FSNE supports practices known as the Consultive Selling Model, which focuses on employment service providers building relationships with both employers and job seekers, and Third-Party Representation support, which involves a trusted professional understanding the employer’s needs and presenting motivated, reliable, and dependable jobseekers who would not have been considered by the employer because of unconscious biases.
Employment is a foundational aspect of adult life for many people, and in our view, it is the gold standard for inclusion. Disability groups, including ours, advocate for a life path for people with IDD that closely resembles the one for their peers without disabilities. Thus, employment in the general workforce must be the first and preferred outcome of publicly funded services for all working age citizens with disabilities, regardless of level of disability. Employment creates socially valued roles, promotes the development of social networks, and contributes to a community’s recognition of an individual as an adult. An employment-first framework positions access to employment in the community as a human right. This supports the implementation of best practices in the education system and in government funding and programming, and the provision of employment supports in Ontario.
In Ontario, despite large investments being made over the years by governments and non-profit organizations to serve individuals with disabilities, the current system directs them to traditionally-funded programs, such as sheltered workshops, day programs, ODSP (Ontario Disability Support Program, a public support system), volunteer opportunities, congregated and segregated classes, and activities targeted exclusively to individuals with a disability.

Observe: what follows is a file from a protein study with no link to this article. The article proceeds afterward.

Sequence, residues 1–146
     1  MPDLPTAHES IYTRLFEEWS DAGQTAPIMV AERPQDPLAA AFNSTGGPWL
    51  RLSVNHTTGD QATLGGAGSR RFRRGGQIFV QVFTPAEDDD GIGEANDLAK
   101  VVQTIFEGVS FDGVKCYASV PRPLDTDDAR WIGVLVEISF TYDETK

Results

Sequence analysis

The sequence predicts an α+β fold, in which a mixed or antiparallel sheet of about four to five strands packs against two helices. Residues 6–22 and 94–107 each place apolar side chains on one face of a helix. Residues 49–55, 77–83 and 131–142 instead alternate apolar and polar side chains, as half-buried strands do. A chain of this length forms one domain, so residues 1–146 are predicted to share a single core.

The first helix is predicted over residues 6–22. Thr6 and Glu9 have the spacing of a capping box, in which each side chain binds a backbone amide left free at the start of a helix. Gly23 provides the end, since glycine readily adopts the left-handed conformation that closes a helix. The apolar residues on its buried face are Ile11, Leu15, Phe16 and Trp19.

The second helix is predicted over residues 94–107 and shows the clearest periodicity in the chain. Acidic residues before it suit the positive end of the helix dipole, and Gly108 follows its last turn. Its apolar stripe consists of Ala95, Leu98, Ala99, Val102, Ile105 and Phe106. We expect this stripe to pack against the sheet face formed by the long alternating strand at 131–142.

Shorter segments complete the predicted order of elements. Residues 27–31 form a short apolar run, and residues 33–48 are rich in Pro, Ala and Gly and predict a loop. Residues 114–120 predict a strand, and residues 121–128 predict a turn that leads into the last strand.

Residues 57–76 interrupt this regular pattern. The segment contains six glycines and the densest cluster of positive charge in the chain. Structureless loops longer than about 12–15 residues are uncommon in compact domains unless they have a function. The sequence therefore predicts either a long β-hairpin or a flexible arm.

Employment programs have focused on preparing job seekers to overcome their individual barriers to employment, while not addressing the underlying systemic issues. Specifically, job readiness programs do not address that the candidates are motivated, reliable and dependable, but lack access to employers. These programs also fail to address false perceptions and unconscious biases from employers and agency staff. The system traps people in a perpetual revolving door of training programs that have demonstrated poor employment outcomes.
The majority of adults with intellectual disability who work in sheltered workshops would prefer to work in competitive employment, and their families do as well (Migliore, 2016). Yet, fewer than 2% of adults with intellectual disability are referred annually to the Ministry’s employment supports (ODSP, 2019), and employment agencies continue to use strategies that yield poor outcomes. This is why unemployment rates for people with IDD are consistently far higher than those for people without disabilities.
Family members, including extended families and other unpaid supports, are critical stakeholders in leading the employment-first journey. If families have a genuine expectation of employment from the early years, they will support inclusive education, provide job opportunities at home, pursue employment goals set out in individualized education plans (IEPs), and help their family member find summer and part-time work during the school year. It is more likely their son or daughter will gain inclusive employment.